Similar to many University of Michigan students, I pride myself on my critical thinking and analytical skills. By now, as I careen toward graduation without brakes, I feel I am fairly well versed in deriving meaning from everything. I can sprout arguments about anything from yogurt advertisements to complex issues, such as whether or not a five-year-old would make an effective president. However, I seem to have one massive shortcoming: I am somehow inexcusably, consistently and massively gullible, and I am not alone in this. When it comes to what we read online, it seems that all of us are consistently and problematically easy to fool.

My professors have tried to train this out of me by demonstrating how to challenge the ideas put in front of me by engaging with them skeptically, yet I am still one of the most gullible people I know. Recently, a friend joked that our professor’s first name wasn’t actually Seder but Apple Cider. And I 100 percent believed him. I don’t think he was even trying to trick me. I just said to myself, “Sure, why not,” and accepted it.

While I’d like to attribute my occasional readiness to believe what I’m told to my inherent belief in the good of others, I think the truth might have more to do with me being an idiot or having too much blind faith that my friends won’t steer me wrong. Perhaps even more likely is that I have a lazy streak when it comes to fact checking, and I know I’m not alone in this. As Americans saw repeatedly during this past election, fake news (stories that are completely fabricated or bent so far from the truth as to be unrecognizable as reality) is increasingly an issue on social media, spreading baseless conspiracy theories and misinformation, like the claim that the Pope endorsed President Donald Trump or that former President Barack Obama  tried to ban the Pledge of Allegiance.

Fake news might not be an issue if not for the fact that a large majority of people is falling for it. According to a study from Stanford’s History Education Group, students are alarmingly bad at spotting fake news and were unable to draw logical conclusions about the bias, source validity and factuality of what they were reading. This can have some pretty massive implications for our democracy. Voting relies on the assumption that voters can make educated decisions, which requires having valid information. How do we make informed decisions when we can’t know what’s true?

Facebook has reportedly begun taking steps to correct the prominence of fake news on its site, but it might be too late; knowing that there is convincing fake news circulating, it seems as if nothing is trustworthy. With the rising distrust of the media, how do we know what is real? What’s true? This implication that the media can’t be trusted at all is scarier and harder to battle than simply having to see articles circulating on Facebook that Senate Majority Leader Mitch McConnell (R–Ky.) is actually part turtle.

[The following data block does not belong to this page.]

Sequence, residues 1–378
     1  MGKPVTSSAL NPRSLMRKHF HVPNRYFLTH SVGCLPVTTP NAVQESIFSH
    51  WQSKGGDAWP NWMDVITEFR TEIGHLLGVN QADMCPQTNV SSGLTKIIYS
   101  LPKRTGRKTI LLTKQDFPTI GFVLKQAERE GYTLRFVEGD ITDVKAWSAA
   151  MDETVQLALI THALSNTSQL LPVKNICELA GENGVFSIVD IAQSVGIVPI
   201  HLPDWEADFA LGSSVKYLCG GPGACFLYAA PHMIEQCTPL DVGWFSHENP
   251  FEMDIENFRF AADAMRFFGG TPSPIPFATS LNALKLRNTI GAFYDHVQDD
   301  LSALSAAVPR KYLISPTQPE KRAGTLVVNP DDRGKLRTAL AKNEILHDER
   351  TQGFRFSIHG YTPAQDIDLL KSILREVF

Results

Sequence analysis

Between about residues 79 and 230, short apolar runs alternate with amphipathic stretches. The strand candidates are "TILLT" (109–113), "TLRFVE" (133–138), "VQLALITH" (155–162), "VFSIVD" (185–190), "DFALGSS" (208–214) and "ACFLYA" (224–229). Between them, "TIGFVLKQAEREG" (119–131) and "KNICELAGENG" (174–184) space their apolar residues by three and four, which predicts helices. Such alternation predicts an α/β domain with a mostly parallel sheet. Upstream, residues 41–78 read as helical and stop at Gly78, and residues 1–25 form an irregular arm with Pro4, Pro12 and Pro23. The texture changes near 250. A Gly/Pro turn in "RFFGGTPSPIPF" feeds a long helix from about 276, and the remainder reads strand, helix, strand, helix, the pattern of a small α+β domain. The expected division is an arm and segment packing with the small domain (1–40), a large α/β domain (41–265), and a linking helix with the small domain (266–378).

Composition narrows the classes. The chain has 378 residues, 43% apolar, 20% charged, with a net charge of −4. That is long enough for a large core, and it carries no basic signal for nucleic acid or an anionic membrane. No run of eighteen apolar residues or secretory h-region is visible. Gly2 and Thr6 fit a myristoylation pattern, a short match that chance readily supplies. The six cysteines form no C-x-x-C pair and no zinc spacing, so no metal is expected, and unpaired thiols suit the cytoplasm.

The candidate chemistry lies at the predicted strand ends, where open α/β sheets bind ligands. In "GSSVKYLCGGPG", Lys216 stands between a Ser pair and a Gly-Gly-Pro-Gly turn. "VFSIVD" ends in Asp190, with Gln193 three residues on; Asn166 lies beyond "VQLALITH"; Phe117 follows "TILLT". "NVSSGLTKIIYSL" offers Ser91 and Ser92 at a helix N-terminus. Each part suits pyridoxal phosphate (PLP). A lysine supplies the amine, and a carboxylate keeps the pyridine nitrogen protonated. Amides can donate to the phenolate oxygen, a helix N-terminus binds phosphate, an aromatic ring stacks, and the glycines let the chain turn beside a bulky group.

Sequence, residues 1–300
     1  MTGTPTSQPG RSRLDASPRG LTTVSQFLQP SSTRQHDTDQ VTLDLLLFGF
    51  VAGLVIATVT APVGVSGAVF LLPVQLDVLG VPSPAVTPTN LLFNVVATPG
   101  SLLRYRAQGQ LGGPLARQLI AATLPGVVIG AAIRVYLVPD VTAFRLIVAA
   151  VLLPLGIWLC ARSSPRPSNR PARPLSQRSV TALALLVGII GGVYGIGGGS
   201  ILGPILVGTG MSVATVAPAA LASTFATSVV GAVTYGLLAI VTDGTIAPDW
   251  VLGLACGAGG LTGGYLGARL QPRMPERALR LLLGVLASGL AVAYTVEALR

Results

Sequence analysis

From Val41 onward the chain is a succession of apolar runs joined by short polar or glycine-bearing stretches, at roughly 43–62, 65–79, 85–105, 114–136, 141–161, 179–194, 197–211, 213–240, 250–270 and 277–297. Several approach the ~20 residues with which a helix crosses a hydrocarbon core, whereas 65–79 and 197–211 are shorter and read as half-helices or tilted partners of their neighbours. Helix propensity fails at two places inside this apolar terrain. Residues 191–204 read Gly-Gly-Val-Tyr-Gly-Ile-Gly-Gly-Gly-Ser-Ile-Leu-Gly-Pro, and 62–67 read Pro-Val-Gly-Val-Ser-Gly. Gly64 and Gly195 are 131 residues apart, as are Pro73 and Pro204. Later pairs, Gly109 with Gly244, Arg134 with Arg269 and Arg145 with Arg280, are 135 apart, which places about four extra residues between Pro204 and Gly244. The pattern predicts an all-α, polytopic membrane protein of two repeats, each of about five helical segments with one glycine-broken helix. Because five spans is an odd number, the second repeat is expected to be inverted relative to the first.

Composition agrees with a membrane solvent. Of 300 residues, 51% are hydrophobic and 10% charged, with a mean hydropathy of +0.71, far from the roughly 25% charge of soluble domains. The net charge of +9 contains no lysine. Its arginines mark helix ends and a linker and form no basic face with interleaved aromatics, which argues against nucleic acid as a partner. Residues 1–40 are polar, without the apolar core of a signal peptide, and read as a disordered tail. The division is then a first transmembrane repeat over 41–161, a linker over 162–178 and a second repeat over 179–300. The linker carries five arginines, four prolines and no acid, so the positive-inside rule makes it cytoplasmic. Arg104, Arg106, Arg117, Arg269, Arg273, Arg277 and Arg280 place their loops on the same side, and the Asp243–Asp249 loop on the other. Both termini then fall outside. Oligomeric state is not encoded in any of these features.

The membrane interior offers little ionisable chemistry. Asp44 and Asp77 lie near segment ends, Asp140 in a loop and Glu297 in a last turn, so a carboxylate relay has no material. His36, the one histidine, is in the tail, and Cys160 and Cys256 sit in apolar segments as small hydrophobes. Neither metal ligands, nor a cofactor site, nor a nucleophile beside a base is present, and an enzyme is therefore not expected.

Beyond the confusion that this matter presents to citizens about what and whom to believe, an even more concerning trend is being revealed: Politicians now have the simple cop-out response of calling things that they disagree with or don’t like “fake news.” Recently, Syrian President Bashar al-Assad used this claim of “fake news” in regards to an Amnesty International report that cited human rights violations in military prisons under his regime.

In dismissing the report as fake, Assad demonstrated how simple it is to make massive problems essentially disappear. He didn’t want to respond to the allegations, so he discredited them without proof, and suddenly it’s just his word against the media’s.

Assad isn’t the only one using this tactic: Trump and his staff are also known for crying “fake news” when unflattering stories surface. “Saturday Night Live” even spoofed such an occurrence when an actor representing CNN had to plead from a cage during a press briefing that “We’re not fake news!” 

Herein lies the real danger of this phenomenon. In creating a quick, plausible excuse to cast aspersions on the media, it creates a space for the subjects of those stories, namely politicians, to create their own convenient truths and realities.

Unfortunately, there doesn’t seem to be a simple way out of this. Regaining trust is easier said than done, especially when it comes to an industry like mass media, which we are inherently asked to trust.

John Oliver had a segment on his HBO show, “Last Week Tonight,” this past week, in which he issued a plea for personal responsibility in fact checking, asking viewers to “commit to defending the reality of facts” on a personal level: “Ask questions of yourself, like, ‘is this a source I know and recognize? Has anyone fact checked this? Does it link to primary sources? And do those sources match what the story says?’” Oliver suggests.

Really, all I can do is request that every concerned citizen questions what they are being told, whether it’s coming from friends, social media or authority figures. Every single one of us can work on our inductive and deductive reasoning skills, and I would know, because I’ve been told it’s true and who am I to question it?

Sarah Leeson can be reached at

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